• Canvas Apps: These are designed by dragging and dropping elements of the app onto a blank workspace aka a canvas. These canvasses come in blank and template options with layouts for use on phones, tablets and desktops. Potential apps include onboarding tasks, help desk, budget tracking, service desk and leave request trackers.

  • Model-driven: These apps start with a focus on the data model being used and by utilizing business data to automatically generate a responsive UI. Best use of this style will focus on modelling business data and defining/measuring business processes.

  • Portals: This option is used to build public-facing websites that can be accessed by users inside and outside of the organization. Portals offers multiple identity options, flexible creation and viewing of data by users inside and outside the organization, and options to browse data anonymously. These flexible websites can be built out to present any business-related data that needs to be accessed based on a business or customer-driven scenario. Options in the templates for these sites include the ability to build pages with child links, titles, profiles and search.

Learn more about Microsoft Power Apps low-code/no-code capabilities in their Learning Catalog for Power Apps.


Update (August 11, 2020): Microsoft’s Dataflex service page, which is the previously announced re-branding of the companies Common Data Service (CDS) mentioned in this article, is no longer available. According to reporting by Mary Jo Foley on ZDNet, the Redmond company has run into a trademark issue with a company named DataAccess Worldwide. They currently have Dataflex registered as branding for their software since first use in 1981. With litigation pending around this trademarked name, it looks like Microsoft must do some more research before re-branding their CDS service.

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About the Author(s)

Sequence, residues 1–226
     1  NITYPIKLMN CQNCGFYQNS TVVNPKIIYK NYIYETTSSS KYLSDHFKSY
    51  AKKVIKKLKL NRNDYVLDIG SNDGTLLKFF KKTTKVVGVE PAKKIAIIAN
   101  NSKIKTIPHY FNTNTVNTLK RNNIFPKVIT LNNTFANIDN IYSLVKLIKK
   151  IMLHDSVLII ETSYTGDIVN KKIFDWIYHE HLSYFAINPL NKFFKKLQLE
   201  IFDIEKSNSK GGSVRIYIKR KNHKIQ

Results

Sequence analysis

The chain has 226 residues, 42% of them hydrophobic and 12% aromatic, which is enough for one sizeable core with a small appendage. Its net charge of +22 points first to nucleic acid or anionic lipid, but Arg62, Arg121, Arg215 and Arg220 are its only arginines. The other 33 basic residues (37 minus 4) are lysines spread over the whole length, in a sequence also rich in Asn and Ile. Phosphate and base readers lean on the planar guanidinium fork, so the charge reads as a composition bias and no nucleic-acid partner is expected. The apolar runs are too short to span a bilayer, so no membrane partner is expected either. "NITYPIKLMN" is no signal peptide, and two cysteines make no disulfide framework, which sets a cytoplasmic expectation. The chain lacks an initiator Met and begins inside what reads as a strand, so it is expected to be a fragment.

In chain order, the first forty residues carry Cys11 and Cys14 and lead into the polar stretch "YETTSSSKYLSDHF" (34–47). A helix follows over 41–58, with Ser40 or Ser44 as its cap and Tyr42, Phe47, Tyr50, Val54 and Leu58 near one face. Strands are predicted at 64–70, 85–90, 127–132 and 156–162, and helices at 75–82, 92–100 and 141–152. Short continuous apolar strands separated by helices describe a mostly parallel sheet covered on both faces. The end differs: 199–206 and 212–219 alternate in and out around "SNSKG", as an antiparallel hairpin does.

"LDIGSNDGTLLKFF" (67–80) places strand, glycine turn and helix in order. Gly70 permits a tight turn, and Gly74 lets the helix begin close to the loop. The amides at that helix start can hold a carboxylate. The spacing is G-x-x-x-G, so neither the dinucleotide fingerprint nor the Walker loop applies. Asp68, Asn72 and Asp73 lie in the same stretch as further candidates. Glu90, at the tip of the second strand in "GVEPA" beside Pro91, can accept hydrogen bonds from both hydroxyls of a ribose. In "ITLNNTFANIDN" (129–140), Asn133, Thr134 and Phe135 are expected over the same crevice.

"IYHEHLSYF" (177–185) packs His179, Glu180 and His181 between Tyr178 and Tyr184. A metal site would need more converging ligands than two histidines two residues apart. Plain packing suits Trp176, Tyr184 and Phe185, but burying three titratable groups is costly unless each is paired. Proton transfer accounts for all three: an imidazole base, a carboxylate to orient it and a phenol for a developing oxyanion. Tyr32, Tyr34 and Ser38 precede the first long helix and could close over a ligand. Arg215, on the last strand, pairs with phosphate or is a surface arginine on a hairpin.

Richard Hay

Senior Content Producer, IT Pro Today (Informa Tech)

I served for 29 plus years in the U.S. Navy and retired as a Master Chief Petty Officer in November 2011. My work background in the Navy was telecommunications related so my hobby of computers fit well with what I did for the Navy. I consider myself a tech geek and enjoy most things in that arena.

My first website – – came online in 1995. Back then I used GeoCities Web Hosting for it and is the result of the work I have done on that site since 1995.

In January 2010 my community contributions were recognized by Microsoft when I received my first Most Valuable Professional (MVP) Award for the Windows Operating System. Since then I have been renewed as a Microsoft MVP each subsequent year since that initial award. I am also a member of the inaugural group of Windows Insider MVPs which began in 2016.

I previously hosted the Observed Tech PODCAST for 10 years and 317 episodes and now host a new podcast called Faith, Tech, and Space. 

I began contributing to Penton Technology websites in January 2015 and in April 2017 I was hired as the Senior Content Producer for Penton Technology which is now Informa Tech. In that role, I contribute to ITPro Today and cover operating systems, enterprise technology, and productivity.